The loophole in the UK work permit system that can see permits for football players approved after appeal is set to be closed by the Football Association (FA), who are keen to avoid overseas players from – as they see it – blocking the progress of young English footballers.
Greg Dyke's FA Commission report made the proposal last year but the FA chairman is said to be pushing the campaign through now with the aim of making this month the last transfer window through which clubs will be able to use the 'discredited' appeals process to sign non-European Union players.
If successful, the clubs would not be able to use the process in the summer transfer window.
The perceived problem with the system is that currently clubs can make an appeal to the Home Office in order to receive a UK work permit for a player even if they do not meet the standard criteria. The crux of the criteria is that a player must be from an international team ranked within Fifa's top 70 and they must have played in 75 per cent of their country's international matches during the last two years.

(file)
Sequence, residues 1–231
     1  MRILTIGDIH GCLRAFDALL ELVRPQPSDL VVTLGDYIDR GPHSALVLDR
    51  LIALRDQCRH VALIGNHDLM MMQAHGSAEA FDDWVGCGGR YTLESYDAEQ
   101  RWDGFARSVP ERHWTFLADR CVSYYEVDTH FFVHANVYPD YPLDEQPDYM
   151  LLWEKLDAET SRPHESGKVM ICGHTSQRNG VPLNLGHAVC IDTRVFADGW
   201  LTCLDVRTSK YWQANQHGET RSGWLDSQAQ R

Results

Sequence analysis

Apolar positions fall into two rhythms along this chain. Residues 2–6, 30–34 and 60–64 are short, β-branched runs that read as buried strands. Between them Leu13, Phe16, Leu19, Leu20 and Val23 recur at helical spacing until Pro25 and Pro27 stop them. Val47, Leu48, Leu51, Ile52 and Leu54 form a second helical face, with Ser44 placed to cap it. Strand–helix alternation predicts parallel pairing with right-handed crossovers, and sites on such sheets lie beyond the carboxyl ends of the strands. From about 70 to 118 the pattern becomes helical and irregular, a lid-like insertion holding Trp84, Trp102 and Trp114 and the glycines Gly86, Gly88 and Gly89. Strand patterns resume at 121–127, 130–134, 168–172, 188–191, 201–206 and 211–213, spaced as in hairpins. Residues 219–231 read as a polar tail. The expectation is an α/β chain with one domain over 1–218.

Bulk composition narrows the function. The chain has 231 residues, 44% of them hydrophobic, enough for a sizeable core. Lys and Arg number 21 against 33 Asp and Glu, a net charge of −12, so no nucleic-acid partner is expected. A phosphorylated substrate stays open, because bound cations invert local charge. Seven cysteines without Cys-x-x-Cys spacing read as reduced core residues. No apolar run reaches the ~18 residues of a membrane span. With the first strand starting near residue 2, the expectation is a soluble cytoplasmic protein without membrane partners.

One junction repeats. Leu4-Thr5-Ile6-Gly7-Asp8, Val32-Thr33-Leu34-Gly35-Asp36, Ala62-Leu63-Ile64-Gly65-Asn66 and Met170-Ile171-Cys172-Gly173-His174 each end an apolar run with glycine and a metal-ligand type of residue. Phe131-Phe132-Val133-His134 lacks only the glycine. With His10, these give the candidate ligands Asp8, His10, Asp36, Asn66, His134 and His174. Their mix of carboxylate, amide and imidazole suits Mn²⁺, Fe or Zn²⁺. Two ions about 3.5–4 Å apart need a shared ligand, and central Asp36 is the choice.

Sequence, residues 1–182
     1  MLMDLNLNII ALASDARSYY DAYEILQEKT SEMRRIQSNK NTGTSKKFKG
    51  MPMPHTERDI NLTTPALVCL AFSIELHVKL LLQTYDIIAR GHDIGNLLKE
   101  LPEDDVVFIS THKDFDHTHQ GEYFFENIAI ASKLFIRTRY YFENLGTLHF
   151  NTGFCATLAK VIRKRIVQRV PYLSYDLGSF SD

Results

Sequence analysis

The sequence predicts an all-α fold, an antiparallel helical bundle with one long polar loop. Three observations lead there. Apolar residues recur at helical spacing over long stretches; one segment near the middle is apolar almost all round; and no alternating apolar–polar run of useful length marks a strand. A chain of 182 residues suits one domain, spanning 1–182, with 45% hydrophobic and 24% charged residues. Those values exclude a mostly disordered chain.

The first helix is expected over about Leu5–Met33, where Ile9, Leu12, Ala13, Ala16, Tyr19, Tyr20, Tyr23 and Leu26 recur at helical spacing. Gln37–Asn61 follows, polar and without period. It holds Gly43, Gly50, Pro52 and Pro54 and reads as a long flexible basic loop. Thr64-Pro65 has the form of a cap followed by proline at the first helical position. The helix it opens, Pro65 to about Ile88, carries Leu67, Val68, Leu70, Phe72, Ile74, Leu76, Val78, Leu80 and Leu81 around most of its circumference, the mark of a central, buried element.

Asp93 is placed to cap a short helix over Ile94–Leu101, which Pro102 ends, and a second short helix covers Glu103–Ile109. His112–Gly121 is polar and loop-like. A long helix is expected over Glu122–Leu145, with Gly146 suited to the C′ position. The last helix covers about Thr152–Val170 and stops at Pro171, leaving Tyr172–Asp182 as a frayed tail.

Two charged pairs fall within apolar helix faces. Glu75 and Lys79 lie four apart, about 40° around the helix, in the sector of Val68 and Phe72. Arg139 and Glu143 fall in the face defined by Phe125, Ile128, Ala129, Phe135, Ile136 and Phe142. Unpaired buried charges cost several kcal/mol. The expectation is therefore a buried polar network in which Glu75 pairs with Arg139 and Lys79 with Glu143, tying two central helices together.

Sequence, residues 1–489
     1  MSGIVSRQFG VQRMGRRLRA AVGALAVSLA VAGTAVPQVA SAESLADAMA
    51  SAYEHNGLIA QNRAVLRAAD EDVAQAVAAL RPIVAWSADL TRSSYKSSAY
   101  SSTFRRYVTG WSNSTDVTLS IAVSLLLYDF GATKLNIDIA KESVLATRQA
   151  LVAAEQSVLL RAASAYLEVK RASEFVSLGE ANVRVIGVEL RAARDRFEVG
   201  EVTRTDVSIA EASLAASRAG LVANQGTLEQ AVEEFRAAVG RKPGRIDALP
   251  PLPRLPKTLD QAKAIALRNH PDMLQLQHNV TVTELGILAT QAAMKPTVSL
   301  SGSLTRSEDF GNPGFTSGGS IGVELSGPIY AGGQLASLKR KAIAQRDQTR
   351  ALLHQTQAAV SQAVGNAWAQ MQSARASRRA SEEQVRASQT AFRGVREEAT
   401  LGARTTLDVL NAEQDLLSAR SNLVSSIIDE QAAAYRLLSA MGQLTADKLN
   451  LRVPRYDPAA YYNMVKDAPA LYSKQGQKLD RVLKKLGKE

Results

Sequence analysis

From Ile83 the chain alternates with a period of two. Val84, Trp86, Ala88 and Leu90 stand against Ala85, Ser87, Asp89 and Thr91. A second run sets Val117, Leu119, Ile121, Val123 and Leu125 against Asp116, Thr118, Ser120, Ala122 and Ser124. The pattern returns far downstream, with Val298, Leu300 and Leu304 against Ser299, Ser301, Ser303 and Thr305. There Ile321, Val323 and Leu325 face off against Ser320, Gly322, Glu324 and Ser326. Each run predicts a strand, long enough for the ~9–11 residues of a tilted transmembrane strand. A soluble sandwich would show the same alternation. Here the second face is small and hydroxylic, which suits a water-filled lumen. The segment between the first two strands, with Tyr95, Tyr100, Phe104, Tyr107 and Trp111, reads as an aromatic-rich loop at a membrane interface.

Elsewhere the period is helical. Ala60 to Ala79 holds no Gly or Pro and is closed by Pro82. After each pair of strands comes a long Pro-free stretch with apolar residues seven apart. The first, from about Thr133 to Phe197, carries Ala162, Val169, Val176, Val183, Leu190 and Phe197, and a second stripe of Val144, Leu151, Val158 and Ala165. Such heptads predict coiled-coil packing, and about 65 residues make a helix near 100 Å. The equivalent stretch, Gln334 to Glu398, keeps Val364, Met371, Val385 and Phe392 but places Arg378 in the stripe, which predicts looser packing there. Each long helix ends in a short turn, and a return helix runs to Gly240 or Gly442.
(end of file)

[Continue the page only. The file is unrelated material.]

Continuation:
At the moment, an appeals process is being used to allow people through who do not meet these minimum requirements. Coaches cite reasons such as future development and satisfaction that the player will make a worthy contribution as reasons to appeal.
Mr Dyke said that the system is “a bit of a farce” as it stands, adding that his proposals would introduce tougher new rules, such as a requirement for the player to be from the top 50 ranked nations.
However, he would also change the system so that the threshold for appearances would be lowered to 30 per cent, therefore allowing for players from countries like Brazil where there is much greater competition for match places more of a chance.